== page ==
14

I'm using this simple regular expression to validate a hex string:

^[A-Fa-f0-9]{16}$

As you can see, I'm using a quantifier to validate that the string is 16 characters long. I was wondering if I can use another quantifier in the same regex to validate the string length to be either 16 or 18 (not 17).

51

I believe

^([A-Fa-f0-9]{2}){8,9}$

will work.

This is nice because it generalizes to any even-length string.

  • I agree, better: +1 (if Alonso wants to put the 'tick' solution mark on this answer rather than mine, I would understand ;) ) – VonC Nov 13 '08 at 18:02
  • The inner expression could be optimized to ([A-Fa-f0-9]{2}), maybe even to ([[:xdigit:]]{2}) or (\p{XDigit}{2}). Depending on your regex flavor, pre-constructed character classes like the POSIX one perform better than hand-made ones. – Tomalak Nov 13 '08 at 18:21
  • This looks like a good solution, and I'm going to use it. But I don't understand it. Any chance someone can explain it? If hex characters can be 0-9 and A-F, I don't understand the breakdown of A-FA-f0-9. I thought a range would contain a lower and upper bound, like 0-9. How can there be four groups here? And what does A-FA mean? I know this works, I would just like to understand it. – Bob Horn Jul 26 '11 at 15:13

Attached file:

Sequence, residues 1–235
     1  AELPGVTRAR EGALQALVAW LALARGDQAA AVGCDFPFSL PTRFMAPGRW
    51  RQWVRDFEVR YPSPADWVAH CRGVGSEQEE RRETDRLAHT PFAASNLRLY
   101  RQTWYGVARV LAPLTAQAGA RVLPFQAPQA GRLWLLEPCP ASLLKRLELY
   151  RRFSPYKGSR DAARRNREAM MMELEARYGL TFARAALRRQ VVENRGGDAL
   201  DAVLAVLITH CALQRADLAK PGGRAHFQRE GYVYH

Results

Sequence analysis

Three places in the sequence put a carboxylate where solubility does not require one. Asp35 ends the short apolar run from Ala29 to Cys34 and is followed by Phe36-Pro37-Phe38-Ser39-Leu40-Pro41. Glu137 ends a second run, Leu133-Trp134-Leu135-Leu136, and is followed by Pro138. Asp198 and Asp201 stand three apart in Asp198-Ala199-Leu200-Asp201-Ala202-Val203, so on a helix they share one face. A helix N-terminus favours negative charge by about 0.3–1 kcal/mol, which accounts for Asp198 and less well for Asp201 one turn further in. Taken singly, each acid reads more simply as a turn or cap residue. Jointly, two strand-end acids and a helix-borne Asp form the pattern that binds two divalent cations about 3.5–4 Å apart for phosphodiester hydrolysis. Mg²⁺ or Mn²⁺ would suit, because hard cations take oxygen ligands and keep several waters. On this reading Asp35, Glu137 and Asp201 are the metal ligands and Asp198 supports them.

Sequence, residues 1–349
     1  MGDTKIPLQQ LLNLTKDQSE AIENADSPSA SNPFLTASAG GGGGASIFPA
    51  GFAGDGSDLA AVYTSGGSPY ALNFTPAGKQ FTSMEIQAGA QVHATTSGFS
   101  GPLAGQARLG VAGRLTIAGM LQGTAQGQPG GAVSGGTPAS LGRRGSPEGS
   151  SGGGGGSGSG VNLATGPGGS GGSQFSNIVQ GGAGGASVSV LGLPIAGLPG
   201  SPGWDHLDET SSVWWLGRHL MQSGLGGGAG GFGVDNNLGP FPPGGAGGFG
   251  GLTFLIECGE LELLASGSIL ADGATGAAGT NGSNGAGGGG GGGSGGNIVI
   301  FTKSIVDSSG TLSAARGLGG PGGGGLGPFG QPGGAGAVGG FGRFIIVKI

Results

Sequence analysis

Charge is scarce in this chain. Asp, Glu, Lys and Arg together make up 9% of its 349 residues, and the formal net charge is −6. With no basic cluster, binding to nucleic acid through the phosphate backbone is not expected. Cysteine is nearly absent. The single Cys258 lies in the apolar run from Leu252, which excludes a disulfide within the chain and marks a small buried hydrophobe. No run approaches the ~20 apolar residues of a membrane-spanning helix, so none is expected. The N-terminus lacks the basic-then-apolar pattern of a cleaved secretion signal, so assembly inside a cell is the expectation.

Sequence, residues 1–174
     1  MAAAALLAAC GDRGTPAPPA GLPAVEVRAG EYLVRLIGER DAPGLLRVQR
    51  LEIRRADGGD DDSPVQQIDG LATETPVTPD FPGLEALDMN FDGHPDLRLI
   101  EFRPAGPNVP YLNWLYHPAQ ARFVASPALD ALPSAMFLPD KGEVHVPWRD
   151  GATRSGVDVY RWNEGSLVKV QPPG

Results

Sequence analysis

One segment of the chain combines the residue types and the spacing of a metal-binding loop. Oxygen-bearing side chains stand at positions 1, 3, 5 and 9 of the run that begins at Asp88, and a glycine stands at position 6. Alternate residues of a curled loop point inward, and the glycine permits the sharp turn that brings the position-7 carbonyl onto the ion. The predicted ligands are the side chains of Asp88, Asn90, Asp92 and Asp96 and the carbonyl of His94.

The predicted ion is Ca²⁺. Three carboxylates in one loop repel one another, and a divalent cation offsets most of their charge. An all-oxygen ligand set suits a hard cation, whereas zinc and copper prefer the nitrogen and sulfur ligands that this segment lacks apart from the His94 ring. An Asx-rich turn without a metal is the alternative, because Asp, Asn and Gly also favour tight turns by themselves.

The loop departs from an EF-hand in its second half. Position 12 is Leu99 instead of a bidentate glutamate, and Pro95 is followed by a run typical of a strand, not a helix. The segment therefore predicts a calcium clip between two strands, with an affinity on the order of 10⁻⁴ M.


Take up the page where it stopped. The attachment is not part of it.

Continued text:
• There are three ranges in the [] clause: A-F matches uppercase letters, a-f matches lower case letters, and 0-9 matches digits. – David Norman Jul 26 '11 at 15:40
  • Ah. So simple. That's what I needed. Thanks! – Bob Horn Jul 26 '11 at 16:11
9

That's just a 16 character requirement with an optional 2 character afterwards:

^[A-Fa-f0-9]{16}([A-Fa-f0-9]{2})?$

The parentheses may not be required - I'm not enough of a regex guru to know offhand, I'm afraid. If anyone wants to edit it, do feel free...

  • From a performance point of view, this is a lot better. Much less backtracking on a non-match. +1 – Tomalak Nov 13 '08 at 17:58
  • Parentheses are required here. If you omit them, the ? makes the {2} lazy, which has no effect here. – Jan Goyvaerts Nov 14 '08 at 10:05
5
^(?:[A-Fa-f0-9]{16}|[A-Fa-f0-9]{18})$
0

I'd probably go with

/^[a-f0-9]{16}([a-f0-9]{2})?$/i

myself. I think it's more readable to set the regex as case insensitive and only list the character range once. That said, just about all of these answers work.

  • Like so many things, it's a tradeoff... /[a-f]/i may be more readable (or may not, depending on the reader), but /[A-Fa-f]/ will run faster. Probably not enough of a performance difference to be relevant in this case, though. – Dave Sherohman Nov 14 '08 at 18:33

Your Answer

By clicking “Post Your Answer”, you agree to our terms of service, privacy policy and cookie policy

Not the answer you're looking for? Browse other questions tagged or ask your own question.